What is Your Credit Score?

Your credit score is a 3-digit number that creditors use to determine your credit risk, based on five (5) components:



  • 35% of your credit score is based on your payment history. Professors don’t like to receive assignments late, and your creditors don’t either.  Are you paying your bills on time, or spending frivolously and living care free?  Accounting for over 1/3 of your credit score, paying your bills on time is one of the most important steps you can take to impress the faculty and maximize your credit score.  Derogatory items like late payments, collection accounts, charge-offs, liens, judgments or bankruptcies will significantly lower your score, and can remain on your report for 7-10 years.
  • Amount Owed – 30% of your credit score is determined by your level of debt. Do you take on more expenses than you can handle, relying on others (namely your creditors) to pick up the slack?  Although your credit is there for you to use, multiple loans and maxed-out credit cards indicate your budget may be over extended, which will lower your score.  Outside of making all payments on time, keeping your credit card balances low is a key way to maximize your credit score.
  • 15% – Length of Credit History.  As with many relationships, true success is measured over time.  Are you a “one hit wonder” or are you able to manage your debts responsibly over time?  The longevity of your accounts helps creditors better measure your spending behavior.  When it comes to credit card accounts, the older the better.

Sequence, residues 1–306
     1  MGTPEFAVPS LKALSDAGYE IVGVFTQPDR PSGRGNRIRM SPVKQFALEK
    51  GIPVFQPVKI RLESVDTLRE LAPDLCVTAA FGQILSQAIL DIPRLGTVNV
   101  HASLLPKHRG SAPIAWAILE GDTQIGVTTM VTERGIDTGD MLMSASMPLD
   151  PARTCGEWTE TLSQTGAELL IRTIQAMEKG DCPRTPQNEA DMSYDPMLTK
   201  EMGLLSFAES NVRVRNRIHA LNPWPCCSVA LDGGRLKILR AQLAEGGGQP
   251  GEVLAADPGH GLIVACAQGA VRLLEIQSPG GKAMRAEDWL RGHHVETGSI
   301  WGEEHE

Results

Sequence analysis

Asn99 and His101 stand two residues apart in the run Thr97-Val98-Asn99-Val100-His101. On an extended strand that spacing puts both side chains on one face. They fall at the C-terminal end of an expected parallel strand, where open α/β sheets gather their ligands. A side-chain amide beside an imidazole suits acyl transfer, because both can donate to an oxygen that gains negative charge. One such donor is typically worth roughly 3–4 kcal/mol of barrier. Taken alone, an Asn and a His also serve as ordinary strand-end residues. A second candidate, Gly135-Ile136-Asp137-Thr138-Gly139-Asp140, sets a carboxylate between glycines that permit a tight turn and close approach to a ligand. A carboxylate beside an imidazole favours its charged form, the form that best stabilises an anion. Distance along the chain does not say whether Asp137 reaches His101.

• 10% – New Accounts. When it comes to your credit score, it doesn’t always pay to shop around.  Whenever you apply for new credit, it creates a hard inquiry, and too many hard inquiries will drag your score down.  Multiple inquiries for major purchases (such as a mortgage or auto loan), within a short period of time, will usually only count as one inquiry.  When applying for credit, it’s best to do your research and apply selectively, keeping new inquiries to a minimum.
  • 10% – Type of Accounts. Just as a well-rounded student must master different subjects, creditors like to see that you can manage different types of credit.  Having a diverse mix of accounts in different categories – mortgage, auto, revolving credit, installment loans, etc. – will let creditors know you can multi-task and boost your score.  Not all types of accounts will benefit your score.  Consumer finance accounts are usually reserved for those considered to pose a higher credit risk.  As a result, these accounts may lower your credit score, even if the accounts are in good standing.